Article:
Feeling a bit out of depth on this topic but here goes!
This past January I had the opportunity to participate in an online workshop called ‘Open content licensing for educators’ through wikieducator.org. The course focused on open education resources, copyright and creative commons and was offered free of charge around the world. Now when I told people I was participating in this workshop, I got a mixture of confused and intrigued looks. One may ask, why would I as a preservice teacher specializing in the Early Years have any interest in something that is seemingly so out there and unrelated to young children?
Well the premise of creative commons is simple: if you share something with the world you can pick a licence for your creative work that helps others quickly understand how much remixing, sharing and copying of your work you are comfortable with. If you go to creativecommons.org you can pick a licence and it will spit out an easy to read icon with a link to a page that explains what the authors chosen licence means. Once you have deciphered what licence the work is under, you are able to understand if you may share, use or modify the work for your own purposes!
So again, how is this all relevant to me?
- Creative commons provides a framework for sharing and an easy way to understand how can share, modify or adapt others work. It also tells you how the author would like be attributed if you end up using their work.
- As a blogger Creative Commons allows me to easily ascertain who doesn’t mind me using their photos to embed within posts. As the saying goes a picture is worth a thousand words! (My favourite program for finding pictures: Photopin.)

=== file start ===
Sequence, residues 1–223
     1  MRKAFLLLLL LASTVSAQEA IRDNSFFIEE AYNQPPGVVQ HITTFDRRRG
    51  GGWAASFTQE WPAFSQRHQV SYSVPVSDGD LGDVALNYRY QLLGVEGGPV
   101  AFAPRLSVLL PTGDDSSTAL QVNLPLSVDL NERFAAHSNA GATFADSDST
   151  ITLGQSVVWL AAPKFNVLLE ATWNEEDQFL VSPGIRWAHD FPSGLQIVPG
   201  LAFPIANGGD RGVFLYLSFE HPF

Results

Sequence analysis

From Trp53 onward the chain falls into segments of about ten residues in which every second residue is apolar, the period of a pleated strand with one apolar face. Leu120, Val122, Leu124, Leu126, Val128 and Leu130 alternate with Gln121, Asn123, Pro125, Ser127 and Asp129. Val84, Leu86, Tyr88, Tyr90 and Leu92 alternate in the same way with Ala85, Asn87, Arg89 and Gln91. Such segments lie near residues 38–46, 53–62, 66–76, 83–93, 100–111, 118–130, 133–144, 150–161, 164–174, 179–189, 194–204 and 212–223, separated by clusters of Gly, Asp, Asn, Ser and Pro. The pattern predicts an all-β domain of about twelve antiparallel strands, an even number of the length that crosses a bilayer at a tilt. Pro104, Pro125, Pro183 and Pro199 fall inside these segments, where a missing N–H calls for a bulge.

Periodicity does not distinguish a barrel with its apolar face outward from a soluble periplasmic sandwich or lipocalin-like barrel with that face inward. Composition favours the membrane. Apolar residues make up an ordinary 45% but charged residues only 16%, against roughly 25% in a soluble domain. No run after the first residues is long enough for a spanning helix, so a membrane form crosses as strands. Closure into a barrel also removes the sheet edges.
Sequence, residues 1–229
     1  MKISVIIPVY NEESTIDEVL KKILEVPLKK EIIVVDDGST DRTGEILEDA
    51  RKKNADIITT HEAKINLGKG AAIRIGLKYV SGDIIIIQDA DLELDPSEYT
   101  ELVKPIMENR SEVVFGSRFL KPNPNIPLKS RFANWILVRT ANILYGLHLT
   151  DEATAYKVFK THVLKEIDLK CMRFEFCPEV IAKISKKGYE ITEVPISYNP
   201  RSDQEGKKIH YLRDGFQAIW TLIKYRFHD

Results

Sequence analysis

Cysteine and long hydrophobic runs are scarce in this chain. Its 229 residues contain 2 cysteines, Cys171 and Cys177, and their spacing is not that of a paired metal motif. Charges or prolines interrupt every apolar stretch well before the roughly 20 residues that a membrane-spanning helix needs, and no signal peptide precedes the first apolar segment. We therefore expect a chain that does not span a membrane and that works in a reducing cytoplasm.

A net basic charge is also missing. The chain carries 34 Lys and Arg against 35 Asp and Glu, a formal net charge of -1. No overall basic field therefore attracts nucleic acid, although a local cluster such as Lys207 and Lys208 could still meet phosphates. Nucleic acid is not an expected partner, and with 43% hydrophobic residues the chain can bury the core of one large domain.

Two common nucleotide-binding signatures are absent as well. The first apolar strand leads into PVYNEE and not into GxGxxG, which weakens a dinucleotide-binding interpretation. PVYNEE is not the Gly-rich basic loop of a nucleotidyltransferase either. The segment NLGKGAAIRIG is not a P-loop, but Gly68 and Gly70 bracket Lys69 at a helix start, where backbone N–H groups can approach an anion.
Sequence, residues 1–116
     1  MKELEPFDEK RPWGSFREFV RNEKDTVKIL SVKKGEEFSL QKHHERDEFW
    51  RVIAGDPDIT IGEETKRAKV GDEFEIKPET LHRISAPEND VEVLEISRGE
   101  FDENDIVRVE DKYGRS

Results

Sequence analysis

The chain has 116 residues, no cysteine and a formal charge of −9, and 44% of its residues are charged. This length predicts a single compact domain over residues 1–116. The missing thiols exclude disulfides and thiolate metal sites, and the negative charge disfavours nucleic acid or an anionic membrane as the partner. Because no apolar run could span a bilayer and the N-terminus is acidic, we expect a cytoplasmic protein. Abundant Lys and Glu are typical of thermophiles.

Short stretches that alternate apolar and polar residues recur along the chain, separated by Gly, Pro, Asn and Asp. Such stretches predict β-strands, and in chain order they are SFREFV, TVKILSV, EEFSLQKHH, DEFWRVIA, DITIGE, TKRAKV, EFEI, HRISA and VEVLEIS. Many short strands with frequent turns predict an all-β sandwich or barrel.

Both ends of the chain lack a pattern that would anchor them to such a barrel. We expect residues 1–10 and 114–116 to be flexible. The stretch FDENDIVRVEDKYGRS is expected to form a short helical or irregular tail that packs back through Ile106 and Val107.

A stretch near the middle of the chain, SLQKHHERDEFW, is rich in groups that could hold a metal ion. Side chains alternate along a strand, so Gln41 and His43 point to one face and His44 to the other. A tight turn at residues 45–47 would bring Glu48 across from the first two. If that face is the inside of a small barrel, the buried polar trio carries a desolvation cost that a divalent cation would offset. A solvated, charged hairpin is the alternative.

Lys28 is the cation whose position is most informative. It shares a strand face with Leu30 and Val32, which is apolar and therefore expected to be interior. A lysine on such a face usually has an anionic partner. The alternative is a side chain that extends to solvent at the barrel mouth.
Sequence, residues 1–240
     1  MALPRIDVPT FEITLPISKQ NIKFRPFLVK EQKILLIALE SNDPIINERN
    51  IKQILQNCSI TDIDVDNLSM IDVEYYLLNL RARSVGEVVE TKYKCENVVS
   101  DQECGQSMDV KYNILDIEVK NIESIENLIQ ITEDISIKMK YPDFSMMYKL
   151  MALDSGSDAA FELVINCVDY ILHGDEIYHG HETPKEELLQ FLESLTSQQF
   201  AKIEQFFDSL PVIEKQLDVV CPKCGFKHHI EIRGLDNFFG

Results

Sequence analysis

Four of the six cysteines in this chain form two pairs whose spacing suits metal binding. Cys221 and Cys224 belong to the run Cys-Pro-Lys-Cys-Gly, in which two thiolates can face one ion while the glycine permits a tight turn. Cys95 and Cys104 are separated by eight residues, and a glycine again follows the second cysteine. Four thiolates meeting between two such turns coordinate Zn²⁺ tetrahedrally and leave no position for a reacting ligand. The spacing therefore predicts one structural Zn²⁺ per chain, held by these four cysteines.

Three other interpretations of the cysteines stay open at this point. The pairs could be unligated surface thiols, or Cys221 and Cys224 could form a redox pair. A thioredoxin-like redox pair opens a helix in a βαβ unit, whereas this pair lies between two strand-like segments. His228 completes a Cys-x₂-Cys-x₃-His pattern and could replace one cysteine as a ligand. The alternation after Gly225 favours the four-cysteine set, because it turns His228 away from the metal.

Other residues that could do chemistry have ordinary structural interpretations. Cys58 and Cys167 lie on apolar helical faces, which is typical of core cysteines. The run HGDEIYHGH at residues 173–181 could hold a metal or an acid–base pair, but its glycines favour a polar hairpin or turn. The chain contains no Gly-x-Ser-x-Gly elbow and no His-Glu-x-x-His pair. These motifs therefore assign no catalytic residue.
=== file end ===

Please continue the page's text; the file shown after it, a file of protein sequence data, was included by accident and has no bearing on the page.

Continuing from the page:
- Knowing about Creative Commons and copyright means I am able to model the importance of respecting others work and how to give proper attribution. Every early years teacher knows it’s all about modelling proper behaviour!
- Knowing about OER and Creative Commons means that when I share resources I have created I will be able to make clear that I value the work I have created, how I want it to be used and attributed.
The are quite a few nuances regarding how you can use and should attribute others work but with practice and reading it gets easier understand.
I am in no way an expert and am still learning the ropes, so if you would like to know more about Creative Commons visit their site at: http://creativecommons.org/. They also have a fantastic search engine that searches for Creative Commons Content that you can use: CC Search.
And as life usually works earlier today I saw this post tweeted out into the twitterverse: The Educator’s Guide to Copyright, Fair Use, and Creative Commons. It provides a good guide for educators wanting to know more about copyright, fair use and creative commons!
It can be a complicated world out there on the web but sadly ‘ignorance is bliss’ is not a very good excuse. So if you are going to use others work take the time to learn about Creative Commons and copyright!
Oh and yes incase you were wondering this blog is under a creative commons licence. Still mulling over if I am going to change the modify/adapt portion of the licence. But as it stands right now:
This work is licensed under a Creative Commons Attribution-NonCommercial-NoDerivs 2.5 Canada License.
Meaning: you may use, distribute, display and perform this work. And if you use my work you must give me attribution Name and Link is fine. You may not use my work for commercial purposes nor may you create derivatives of this work. (If you do want to create a derivative work of something on here all you have to do is ask).